This generation of children in the United States will “live sicker, and die younger than their parents” according to a documentary entitled “A Place at the Table”. There is too much readily available food with fat, sodium, and sugar, and NOT enough fruits and vegetables. This country’s obesity epidemic is not just due to the lack of education regarding nutrition and fitness, but in a large part due to the lack of healthy food available to those who live below a certain means (not just the unemployed or disabled). Everyone should be able to afford quality healthy food, but that just isn’t the case. In 1980 when the obesity epidemic began, the cost of fruits and vegetables began to rise, and the cost of processed foods went down. There were 200 food banks in 1980, and by 2011 there were 40,000 food banks, pantries, and soup kitchens. While charitable donations are great, they aren’t solving the hunger problem we face in America.
A family that lives on food stamps and is given $3 in food stamps for the week can buy a few pieces of broccoli, 8 ounces of orange juice, and a handful of grapes which amounts to about 312 total calories. OR with the $3 they can purchase 4 liters of soda, a bag of chips, and 5 packs of Ramen noodles which amounts to 3, 767 calories! Therefore, it’s a no brainer which foods a hungry family on food stamps is going to purchase. They buy what will sustain them in the short run, but in the long run these food will wreck havoc in more ways than one. These families rely on food assistance or charitable donations as part of their basic needs. They go to the food pantry and get what they can, which usually consists of foods high in sugars, starches, and chemicals. All processed foods. In a perfect world we would all have access to a balanced array of foods.
The impact that these unhealthy foods have on children that HAVE to (not CHOOSE to) eat them on a daily basis is enormous. Children may sustain speech and hearing difficulties, weakened immune systems, and low cognitive development due to their first few years of food insufficiency and not getting well nourished with NUTRIENT DENSE food (i.e. fresh fruits and vegetables). The impact on a younger child during developmental stages is far greater than a grown adult. Medical costs are high for these folks as they have higher rates of obesity, diabetes, high blood pressure, and congestive heart failure due to lack of nutrition. The impact in the classroom is also a problem. Children may have trouble concentrating, may be tired, or may not be applying themselves because their focus is solely on the fact that they are HUNGRY!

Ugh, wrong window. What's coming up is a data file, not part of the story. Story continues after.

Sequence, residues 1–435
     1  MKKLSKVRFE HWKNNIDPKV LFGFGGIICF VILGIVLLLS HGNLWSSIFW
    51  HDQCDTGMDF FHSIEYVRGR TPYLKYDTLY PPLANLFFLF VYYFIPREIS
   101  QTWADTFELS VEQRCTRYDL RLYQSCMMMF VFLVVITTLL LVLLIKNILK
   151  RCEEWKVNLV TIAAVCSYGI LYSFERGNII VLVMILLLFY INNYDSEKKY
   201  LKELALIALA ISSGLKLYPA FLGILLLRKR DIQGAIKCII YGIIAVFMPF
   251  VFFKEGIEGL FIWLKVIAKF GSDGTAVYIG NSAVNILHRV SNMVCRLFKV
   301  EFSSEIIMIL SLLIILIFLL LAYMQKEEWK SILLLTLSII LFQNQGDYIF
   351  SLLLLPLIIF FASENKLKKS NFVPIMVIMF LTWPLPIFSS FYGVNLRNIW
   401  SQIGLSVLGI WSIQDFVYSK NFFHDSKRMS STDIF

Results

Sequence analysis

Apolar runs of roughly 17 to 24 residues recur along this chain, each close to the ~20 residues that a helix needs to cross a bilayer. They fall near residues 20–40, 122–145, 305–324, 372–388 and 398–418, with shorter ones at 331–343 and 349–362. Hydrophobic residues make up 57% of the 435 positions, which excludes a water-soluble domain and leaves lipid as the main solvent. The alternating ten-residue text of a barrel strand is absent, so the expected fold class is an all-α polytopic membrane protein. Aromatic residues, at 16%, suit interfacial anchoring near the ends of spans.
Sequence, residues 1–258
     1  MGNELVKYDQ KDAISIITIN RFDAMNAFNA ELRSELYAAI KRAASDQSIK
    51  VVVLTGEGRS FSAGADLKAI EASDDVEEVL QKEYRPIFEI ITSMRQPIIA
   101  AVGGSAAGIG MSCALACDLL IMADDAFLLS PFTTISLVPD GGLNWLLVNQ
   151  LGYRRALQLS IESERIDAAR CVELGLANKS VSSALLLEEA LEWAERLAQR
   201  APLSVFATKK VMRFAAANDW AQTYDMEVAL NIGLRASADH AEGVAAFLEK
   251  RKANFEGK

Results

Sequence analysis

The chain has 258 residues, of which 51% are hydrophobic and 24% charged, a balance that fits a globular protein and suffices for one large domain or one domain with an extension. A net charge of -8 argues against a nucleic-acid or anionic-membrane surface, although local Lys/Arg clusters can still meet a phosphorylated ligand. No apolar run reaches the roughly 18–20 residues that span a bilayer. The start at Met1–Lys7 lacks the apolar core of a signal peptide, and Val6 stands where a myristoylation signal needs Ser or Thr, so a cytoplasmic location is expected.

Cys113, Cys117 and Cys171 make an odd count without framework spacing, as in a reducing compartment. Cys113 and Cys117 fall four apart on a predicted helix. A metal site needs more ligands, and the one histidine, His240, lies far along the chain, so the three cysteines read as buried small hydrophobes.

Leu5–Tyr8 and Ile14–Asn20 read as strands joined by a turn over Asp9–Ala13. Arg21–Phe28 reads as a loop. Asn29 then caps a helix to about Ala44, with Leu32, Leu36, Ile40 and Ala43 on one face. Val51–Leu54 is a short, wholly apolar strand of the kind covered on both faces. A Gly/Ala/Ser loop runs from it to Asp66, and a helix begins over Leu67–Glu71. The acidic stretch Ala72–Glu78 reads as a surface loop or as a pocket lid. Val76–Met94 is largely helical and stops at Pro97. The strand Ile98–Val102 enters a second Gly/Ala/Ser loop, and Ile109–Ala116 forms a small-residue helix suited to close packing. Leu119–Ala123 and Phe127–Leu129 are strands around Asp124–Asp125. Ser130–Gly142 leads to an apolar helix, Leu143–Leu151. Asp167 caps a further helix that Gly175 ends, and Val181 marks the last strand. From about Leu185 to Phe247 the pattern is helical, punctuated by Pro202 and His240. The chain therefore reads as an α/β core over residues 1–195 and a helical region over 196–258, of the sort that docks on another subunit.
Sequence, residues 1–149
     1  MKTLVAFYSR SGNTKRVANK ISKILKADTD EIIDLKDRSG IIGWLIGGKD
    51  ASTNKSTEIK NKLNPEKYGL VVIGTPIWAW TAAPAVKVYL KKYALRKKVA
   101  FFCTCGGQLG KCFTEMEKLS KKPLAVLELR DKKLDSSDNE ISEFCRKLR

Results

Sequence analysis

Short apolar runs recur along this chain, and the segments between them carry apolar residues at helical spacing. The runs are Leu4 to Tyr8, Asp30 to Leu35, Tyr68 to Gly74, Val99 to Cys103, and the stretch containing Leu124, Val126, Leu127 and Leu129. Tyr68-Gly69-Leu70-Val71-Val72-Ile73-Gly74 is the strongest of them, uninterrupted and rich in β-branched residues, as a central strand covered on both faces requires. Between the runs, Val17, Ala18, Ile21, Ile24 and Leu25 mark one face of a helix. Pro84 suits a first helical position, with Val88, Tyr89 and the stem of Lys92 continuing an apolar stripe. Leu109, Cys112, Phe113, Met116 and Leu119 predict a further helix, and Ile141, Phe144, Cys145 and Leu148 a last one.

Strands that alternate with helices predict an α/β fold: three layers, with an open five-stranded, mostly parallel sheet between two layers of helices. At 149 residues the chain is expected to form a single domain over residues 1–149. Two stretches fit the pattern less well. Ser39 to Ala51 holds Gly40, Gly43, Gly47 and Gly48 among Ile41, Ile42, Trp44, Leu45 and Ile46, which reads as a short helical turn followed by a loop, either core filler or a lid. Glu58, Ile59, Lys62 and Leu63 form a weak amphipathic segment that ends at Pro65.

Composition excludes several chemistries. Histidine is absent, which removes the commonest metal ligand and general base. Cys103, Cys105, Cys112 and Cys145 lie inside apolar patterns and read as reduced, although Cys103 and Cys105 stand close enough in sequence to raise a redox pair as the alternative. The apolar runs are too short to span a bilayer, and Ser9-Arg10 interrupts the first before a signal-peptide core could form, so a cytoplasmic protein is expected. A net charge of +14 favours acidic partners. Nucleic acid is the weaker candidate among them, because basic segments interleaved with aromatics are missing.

The reason for this absurdity is that the government subsidizes certain farm crops such as cotton, wheat, corn, soy, and rice (main ingredients in processed foods) which makes up 84% of farm crops, while not subsidizing the 15% of dairy and livestock, and the 1% of fruits, vegetables, and whole grains. The farm producers of the latter are smaller, and therefore have no clout. And this doesn’t seem to be changing. While the government enacts different plans in order to combat hunger, they don’t seem to be getting to the root of the problem. They are focusing on more cans of food, instead of the human being. “Fifty million Americans exist without enough food to eat in a nation with more than enough food. If any other country were doing this to their children we would be at war.” The problem isn’t a lack of food, but of inequality (and in some cases education). While we need to continue education on healthy living–healthy nutrition and exercise–we need to recognize there is an inequality in America between wealth and food insecurity.